The face of supercomputing is quickly changing.

This week's Supercomputing 10 conference in New Orleans is drawing plenty of corporate announcements out of the woodwork. Some are expected, such as Intel (Nasdaq: INTC) trumpeting its king-of-the-hill position on the semiannual list of the world's fastest supercomputers, or Advanced Micro Devices (NYSE: AMD) making the most of its five appearances in the top 10 of that list. But some of the news comes from way out in left field.

I'm talking about (Nasdaq: AMZN) announcing a new class of EC2 cloud-computing services for high-performance number-crunching, based not on the traditional central processors Intel and AMD make, but on graphics chips made by NVIDIA (Nasdaq: NVDA).

NVIDIA is no stranger to high-performance computing, but this is the first time I've seen its Tesla chips available on demand as part of a top-tier cloud-computing offering. To give you some idea of how powerful Tesla can be when you sic it on the right task, let me point out that the new offering adds just two Tesla GPUs to an already-impressive cluster of 33.5 gigahertz-level central processors.

For this seemingly insignificant addition, you pay Amazon 31% extra per hour of number-crunching. If you need more than eight simultaneous instances of this service to forecast the weather on Venus or what-have-you, you need to ask Amazon for permission first, and the new service is so far only available out of its Northern Virginia data center. It's a bit of a luxury service at this point.

The highly specialized calculation circuits in modern graphics processors can perform some amazing feats of mathematical wonderment, so I suppose we should have expected this type of service to make the rounds sooner or later. In all honesty, I thought we were just waiting for AMD's Fusion solutions to mature into this role and make large-scale CPU-plus-GPU computing feasible. But NVIDIA stole a march on AMD here.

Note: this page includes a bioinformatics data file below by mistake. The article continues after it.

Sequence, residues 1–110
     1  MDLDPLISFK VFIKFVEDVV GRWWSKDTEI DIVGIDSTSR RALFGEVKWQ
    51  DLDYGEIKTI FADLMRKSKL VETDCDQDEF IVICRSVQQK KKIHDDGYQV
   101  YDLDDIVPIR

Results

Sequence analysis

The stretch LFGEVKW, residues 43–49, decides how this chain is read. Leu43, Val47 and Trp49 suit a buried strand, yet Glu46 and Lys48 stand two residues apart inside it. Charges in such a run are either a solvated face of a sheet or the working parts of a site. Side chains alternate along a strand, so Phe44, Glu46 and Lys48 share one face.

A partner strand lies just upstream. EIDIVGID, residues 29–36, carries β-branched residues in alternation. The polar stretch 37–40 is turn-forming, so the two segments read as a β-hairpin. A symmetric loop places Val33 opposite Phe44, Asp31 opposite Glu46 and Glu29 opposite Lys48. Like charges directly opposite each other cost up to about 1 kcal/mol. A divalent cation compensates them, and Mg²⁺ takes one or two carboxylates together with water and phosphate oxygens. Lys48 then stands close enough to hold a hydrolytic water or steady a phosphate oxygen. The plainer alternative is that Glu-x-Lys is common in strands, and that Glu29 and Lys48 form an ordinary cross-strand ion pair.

In the long run, Fusion and the competing integrated solutions it's forcing out of Intel -- and maybe ARM Holdings (Nasdaq: ARMH) down the line -- will quietly transform everyday computing all around us. This is just an early iteration on an enterprise scale, sure to work its way down to your desktop, smartphone, and next-generation tooth fillings over time. (OK, I'm not sure about the tooth fillings.)

Will Tesla make an all-around computing king out of NVIDIA, or will cheaper graphics chips powered by AMD and Intel rule the future, in a repeat of cheap CPUs' effective use in today's cloud-computing world? I think the latter, but NVIDIA sure ain't dead yet. You can follow this brewing supercomputing storm more closely by adding NVIDIA, AMD, and Intel to your Foolish watchlist.

Fool contributor Anders Bylund holds no position in any of the companies discussed here. Intel is a Motley Fool Inside Value choice. and NVIDIA are Motley Fool Stock Advisor recommendations. The Fool owns shares of and has bought calls on Intel. Motley Fool Options has recommended buying calls on Intel. Try any of our Foolish newsletter services free for 30 days. We Fools may not all hold the same opinions, but we all believe that considering a diverse range of insights makes us better investors. You can check out Anders' holdings and a concise bio if you like, and The Motley Fool is investors writing for investors.